Bats are vital to Canada’s ecosystems, providing important ecological functions such as pest control and pollination. British Columbia is home to fifteen of the seventeen bat species found in Canada. Among these, half of the bat species in BC are currently at-risk. To make matters worse, the fungus that causes the deadly white-nose syndrome was detected for the first time in BC last April in Grand Forks, heightening threats to at-risk bats. Now more than ever, bats require conservation support to ensure their long-term resiliency.

The fungus that causes the fatal white-nose syndrome has killed millions of bats across North America. First discovered in 2006 on the East Coast of the United States, the fungus, Pseudogymnoascus destructans, has quickly spread across the continent and has led to at least three Canadian bat species being listed as Endangered federally.

A Little Brown Bat with the fungus that causes white-nose syndrome, from the US Fish and Wildlife Service

“The fungus that causes white-nose syndrome has potentially devastating implications for bat populations in BC,” said Alex Thomson, Okanagan Conservation Field Operations Technician with The Nature Trust of BC, “Essentially, the fungus affects bats’ hibernation. When infected, bats have to wake up and use their precious energy reserves to wipe the fungus off themselves. By the time they finish their hibernation, they are emaciated and close to death – the syndrome has a very low survival rate.”  

Our Conservation Field Crews have supported the fight against white-nose syndrome by conducting bat counts at roosting sites, and collecting bat guano for testing to quickly detect destructive fungus in any bat colony. Within the Okanagan, Alex and his team has been conducting bat counts and guano collection at our White Lake Basin Biodiversity Ranch and Skaha Lake Eastside Conservation Area. These bat counts provide valuable data on current bat population sizes and identifying any population declines that may be linked to white-nose syndrome.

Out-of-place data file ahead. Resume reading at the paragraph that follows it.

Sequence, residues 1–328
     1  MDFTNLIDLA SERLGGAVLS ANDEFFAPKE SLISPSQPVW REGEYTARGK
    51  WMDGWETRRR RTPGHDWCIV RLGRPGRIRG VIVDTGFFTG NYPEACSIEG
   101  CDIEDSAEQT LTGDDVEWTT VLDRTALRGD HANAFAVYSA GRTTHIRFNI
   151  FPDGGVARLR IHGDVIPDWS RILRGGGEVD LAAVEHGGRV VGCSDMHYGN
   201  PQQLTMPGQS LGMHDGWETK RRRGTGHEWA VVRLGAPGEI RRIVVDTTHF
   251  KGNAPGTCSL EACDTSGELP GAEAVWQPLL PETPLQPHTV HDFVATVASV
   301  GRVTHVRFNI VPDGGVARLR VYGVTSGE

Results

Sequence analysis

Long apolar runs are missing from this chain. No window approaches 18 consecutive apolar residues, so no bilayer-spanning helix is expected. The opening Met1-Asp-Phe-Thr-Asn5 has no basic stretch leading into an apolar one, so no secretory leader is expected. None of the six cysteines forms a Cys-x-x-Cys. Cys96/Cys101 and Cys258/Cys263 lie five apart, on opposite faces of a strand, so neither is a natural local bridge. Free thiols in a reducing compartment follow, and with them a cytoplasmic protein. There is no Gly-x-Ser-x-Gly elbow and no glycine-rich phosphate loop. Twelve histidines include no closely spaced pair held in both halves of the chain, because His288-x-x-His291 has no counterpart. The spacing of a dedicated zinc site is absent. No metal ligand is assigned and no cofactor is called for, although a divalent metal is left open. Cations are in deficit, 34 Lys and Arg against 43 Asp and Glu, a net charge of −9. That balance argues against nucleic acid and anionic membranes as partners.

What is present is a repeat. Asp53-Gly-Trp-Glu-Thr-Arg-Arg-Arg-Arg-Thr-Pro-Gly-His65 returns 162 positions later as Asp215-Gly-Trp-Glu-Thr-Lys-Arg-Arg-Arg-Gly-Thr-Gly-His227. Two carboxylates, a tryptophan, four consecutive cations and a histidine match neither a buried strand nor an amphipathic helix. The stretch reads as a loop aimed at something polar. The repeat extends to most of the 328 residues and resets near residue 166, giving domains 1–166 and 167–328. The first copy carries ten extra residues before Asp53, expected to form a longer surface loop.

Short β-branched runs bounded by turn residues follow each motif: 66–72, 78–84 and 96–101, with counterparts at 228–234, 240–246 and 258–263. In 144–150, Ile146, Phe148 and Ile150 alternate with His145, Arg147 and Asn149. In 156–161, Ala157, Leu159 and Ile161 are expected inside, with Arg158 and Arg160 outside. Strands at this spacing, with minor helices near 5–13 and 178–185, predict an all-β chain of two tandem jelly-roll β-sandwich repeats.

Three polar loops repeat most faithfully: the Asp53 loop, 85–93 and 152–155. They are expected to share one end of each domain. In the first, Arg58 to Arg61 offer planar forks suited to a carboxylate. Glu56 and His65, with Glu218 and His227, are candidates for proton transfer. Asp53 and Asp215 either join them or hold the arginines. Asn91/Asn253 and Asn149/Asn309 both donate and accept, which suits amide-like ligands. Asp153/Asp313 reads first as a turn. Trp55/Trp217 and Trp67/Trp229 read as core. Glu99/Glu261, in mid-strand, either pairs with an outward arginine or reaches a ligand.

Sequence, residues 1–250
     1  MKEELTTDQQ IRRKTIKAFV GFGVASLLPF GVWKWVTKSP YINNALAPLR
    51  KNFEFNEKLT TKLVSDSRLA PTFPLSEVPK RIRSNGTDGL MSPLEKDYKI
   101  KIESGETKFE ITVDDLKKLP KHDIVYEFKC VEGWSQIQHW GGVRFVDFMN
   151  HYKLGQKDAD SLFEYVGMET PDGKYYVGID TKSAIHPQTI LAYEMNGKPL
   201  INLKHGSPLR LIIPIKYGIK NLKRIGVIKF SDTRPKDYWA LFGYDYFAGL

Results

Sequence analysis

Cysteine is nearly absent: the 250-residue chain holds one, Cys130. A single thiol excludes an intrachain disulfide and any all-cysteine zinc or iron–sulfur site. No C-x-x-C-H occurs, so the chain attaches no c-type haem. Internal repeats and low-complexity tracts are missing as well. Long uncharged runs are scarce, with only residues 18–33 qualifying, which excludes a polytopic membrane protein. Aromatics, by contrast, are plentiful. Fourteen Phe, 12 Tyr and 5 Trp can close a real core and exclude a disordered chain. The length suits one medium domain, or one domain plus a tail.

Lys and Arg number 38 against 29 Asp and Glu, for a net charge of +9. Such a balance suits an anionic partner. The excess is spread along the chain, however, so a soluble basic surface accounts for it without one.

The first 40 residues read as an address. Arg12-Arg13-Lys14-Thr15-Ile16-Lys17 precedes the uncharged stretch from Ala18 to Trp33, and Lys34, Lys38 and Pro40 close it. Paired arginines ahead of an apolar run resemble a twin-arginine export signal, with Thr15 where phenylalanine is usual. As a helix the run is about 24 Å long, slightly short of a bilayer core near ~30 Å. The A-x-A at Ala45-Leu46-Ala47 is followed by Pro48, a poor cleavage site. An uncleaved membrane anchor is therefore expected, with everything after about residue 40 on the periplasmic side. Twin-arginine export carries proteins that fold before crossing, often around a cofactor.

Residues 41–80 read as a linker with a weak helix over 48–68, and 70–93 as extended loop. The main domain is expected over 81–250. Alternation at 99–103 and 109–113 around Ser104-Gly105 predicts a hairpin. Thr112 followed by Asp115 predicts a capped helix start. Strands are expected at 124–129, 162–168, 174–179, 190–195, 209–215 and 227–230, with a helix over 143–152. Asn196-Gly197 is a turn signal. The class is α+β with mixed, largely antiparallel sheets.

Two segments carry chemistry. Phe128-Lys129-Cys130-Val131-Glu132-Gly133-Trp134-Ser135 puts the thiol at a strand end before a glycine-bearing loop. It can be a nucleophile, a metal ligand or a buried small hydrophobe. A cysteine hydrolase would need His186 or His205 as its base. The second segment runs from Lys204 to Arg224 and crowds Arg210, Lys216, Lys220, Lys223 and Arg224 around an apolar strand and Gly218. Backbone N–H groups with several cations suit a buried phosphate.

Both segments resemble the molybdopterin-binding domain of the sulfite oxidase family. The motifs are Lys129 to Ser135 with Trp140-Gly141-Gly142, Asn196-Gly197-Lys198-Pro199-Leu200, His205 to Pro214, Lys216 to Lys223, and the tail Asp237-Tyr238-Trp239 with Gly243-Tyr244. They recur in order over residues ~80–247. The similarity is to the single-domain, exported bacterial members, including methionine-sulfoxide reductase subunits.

Left: The Okanagan Conservation Field Crew looking for bat guano to send to the lab for testing. Right: The Okanagan Conservation Field Crew conducts their first bat count of the 2023 season at Horn Lake barn.

Although it is unfortunate news that the fungus that causes white-nose syndrome arrived in BC this year, it was caught quickly, thanks to the ongoing, collaborative monitoring efforts of the province and conservation groups like The Nature Trust of BC. Conservationists in British Columbia have been on the lookout for the fatal fungus since 2016, when it was observed in Washington state. The discovery of the fungus in Grand Forks only makes monitoring efforts even more important. However, since there is no prevention or cure for white-nose syndrome, building resilient bat populations in BC through habitat protection is of the utmost importance.   

“Bats in British Columbia face so many risks already – land development, urbanization, and agriculture have already taken up so much of their habitat,” said Thomson, “With the addition of white-nose syndrome to the ever-growing list of threats to BC bats, it’s even more important to make sure that we work together to protect their habitat.” 

How can you help protect BC bats?  

Working together, we can sustain healthy and resilient bat populations in British Columbia. There are many ways to help BC Bats:  

  • Donate: The best way to help bats thrive is by ensuring their habitat is protected forever. Donations large and small can impact the fifteen bat species that call British Columbia home. Donate here.  
  • Report Bat Roosting Sites: Do you know the location of a bat roosting site, or do you have bats on your property? Report the sites to the BC Community Bat Program here.  
  • Report Unusual Bat Behaviour or Dead Bat Observations: If you see a bat exhibiting unusual behaviour, like flying during the day, or see a sick, injured, or dead bat, please report your findings to the BC Community Bat Program here.  
  • Clean your Gear: Although the fungus that causes white-nose syndrome is primarily spread through bat-to-bat contact, the fungus can travel on our clothes and gear. Make sure to take extra care to clean your gear and clothing to avoid spreading the fungus associated with white-nose syndrome!  

Written by Dominique Bowden, Digital Engagement Coordinator